- Femtolaser ‘Scalpel’ Spares Surrounding Tissue
AUSTIN, Texas, April 25, 2012 — A small, flexible endoscopic medical device fitted with a femtosecond laser “scalpel” can remove diseased or damaged tissue while leaving healthy cells untouched.
When surgeons slice with a traditional scalpel or cut away with a surgical laser, healthy tissue is sometimes removed along with the bad. For delicate areas like the digestive tract, throat and brain, physicians and patients have to balance the benefits of treatment against possible collateral damage.
The new 9.6-mm probe housing (right) is shown next to an earlier prototype, 18-mm probe (left) showing the reduction in packaged probe size. (Images: Ben-Yakar Group, University of Texas at Austin)
The new medical “lightsaber” designed by University of Texas at Austin researchers helps shift this balance in the patient’s favor. Made from off-the-shelf parts, it includes a laser that can generate pulses of light as fast as 200 fs in duration. Although these bursts are powerful, they are short and do not affect surrounding tissues. The laser is coupled with a mini-microscope for precise control during delicate surgeries. Based on a two-photon fluorescence imaging technique, the specialized infrared microscope can penetrate up to 1 mm into living tissue, which allows surgeons to target individual cells or nuclei.
The entire endoscope probe package measures 23 mm long and 9.6 mm in circumference, and can fit into large endoscopes such as those used for colonoscopies.
“All the optics we tested can go into a real endoscope,” said Adela Ben-Yakar of the University of Texas and the project’s principal investigator. “The probe has proven that it’s functional and feasible and can be [manufactured] commercially.”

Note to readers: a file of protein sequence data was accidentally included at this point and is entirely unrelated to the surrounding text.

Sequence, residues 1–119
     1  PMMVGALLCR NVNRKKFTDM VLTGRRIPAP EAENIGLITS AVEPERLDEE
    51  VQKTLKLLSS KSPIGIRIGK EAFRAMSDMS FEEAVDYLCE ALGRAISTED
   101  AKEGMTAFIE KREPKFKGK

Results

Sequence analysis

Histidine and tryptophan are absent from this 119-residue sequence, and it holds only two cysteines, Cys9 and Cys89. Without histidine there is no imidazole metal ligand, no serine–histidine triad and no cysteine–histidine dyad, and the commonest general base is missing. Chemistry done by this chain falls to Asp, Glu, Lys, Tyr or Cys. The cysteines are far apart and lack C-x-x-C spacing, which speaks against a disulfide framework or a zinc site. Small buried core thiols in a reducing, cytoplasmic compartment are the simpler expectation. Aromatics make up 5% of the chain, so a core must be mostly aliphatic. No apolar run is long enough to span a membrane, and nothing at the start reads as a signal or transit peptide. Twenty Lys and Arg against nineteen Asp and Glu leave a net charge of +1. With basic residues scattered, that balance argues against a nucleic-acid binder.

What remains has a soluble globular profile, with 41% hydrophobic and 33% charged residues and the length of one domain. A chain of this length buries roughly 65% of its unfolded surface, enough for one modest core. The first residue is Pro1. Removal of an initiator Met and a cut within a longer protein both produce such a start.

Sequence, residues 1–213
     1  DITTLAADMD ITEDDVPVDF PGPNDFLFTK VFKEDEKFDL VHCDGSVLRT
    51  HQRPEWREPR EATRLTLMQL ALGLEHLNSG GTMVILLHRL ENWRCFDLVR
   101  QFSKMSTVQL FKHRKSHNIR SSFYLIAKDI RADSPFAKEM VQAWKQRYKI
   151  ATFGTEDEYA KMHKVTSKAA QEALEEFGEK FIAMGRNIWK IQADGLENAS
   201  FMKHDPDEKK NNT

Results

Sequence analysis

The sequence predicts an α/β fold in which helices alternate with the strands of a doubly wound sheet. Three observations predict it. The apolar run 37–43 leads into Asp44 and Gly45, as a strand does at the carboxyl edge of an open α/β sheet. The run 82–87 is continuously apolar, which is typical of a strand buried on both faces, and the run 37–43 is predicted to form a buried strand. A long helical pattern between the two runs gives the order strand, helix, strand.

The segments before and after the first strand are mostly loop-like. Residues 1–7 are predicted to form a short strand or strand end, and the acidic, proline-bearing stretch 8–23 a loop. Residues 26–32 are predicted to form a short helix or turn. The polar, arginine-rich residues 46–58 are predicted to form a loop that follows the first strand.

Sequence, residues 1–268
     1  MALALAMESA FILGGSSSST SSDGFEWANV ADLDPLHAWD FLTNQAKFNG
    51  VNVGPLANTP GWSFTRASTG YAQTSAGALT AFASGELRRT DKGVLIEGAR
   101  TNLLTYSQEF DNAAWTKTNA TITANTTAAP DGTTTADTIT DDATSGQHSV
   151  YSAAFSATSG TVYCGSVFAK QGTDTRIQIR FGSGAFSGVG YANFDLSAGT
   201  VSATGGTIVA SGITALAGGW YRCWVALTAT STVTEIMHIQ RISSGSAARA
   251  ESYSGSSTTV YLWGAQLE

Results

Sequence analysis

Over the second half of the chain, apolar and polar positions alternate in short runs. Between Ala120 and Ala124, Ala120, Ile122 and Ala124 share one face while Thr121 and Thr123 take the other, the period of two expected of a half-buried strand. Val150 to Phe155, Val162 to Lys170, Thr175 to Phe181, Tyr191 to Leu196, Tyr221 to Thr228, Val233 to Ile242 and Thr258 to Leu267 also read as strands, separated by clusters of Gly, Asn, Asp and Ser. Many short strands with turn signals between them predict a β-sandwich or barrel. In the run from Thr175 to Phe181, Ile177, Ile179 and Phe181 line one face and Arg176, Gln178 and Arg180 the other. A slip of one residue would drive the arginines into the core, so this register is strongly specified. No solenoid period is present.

The packaged endoscope overlaid with the optical system. The circumference is 9.6 mm, and the length is 23 mm.
Although the system is five times smaller than the team’s first prototype, it has increased its imaging resolution by 20 percent, Ben-Yakar said. The optics includes three parts: a specialized fiber to deliver ultrashort laser pulses from the laser to the microscope; a 750-µm microelectromechanical system scanning mirror; and commercial lenses. To maintain the alignment of the optical components, the team developed a miniature case that is made using 3-D printing.
Tabletop femtosecond lasers are already in use for eye surgery, but Ben-Yakar sees the potential for more applications inside the body, including vocal cord repair or removal of small tumors in the spinal cord.
The new design has been lab-tested on pig vocal cords and the tendons of rat tails. An earlier prototype was used to test human breast cancer cells.
An image taken with the probe’s two-photon fluorescence microscope shows cells in a 70-µm-thick piece of vocal cord from a pig. The scale bar is 10 µm.
The system is ready to move into commercialization; however, the device will still need at least five years of clinical testing before it receives FDA approval for human use, Ben-Yakar said.
“We are developing the next-generation clinical tools for microsurgery,” she said.
The research will be presented May 10 at the Conference on Lasers and Electro-Optics (CLEO 2012) in San Jose, Calif.
For more information, visit: www.utexas.edu
- A medical instrument used to view inside the human body by inserting the instrument into a natural or created aperture. The endoscope may use a coherent fiber optic bundle or conventional optics to relay the image to the eye or a television camera. Illumination is provided by a concentric bundle of noncoherent fiber optics.
- The technology of generating and harnessing light and other forms of radiant energy whose quantum unit is the photon. The science includes light emission, transmission, deflection, amplification and detection by optical components and instruments, lasers and other light sources, fiber optics, electro-optical instrumentation, related hardware and electronics, and sophisticated systems. The range of applications of photonics extends from energy generation to detection to communications and...
- two-photon fluorescence
- This results from the simultaneous absorption of two photons, each having half the energy needed for excitation and requiring a high spatial and temporal concentration of photons. The ensuing confocal effect confines the excitation to the plane of focus. The technique provides longer observation times for live cell studies.
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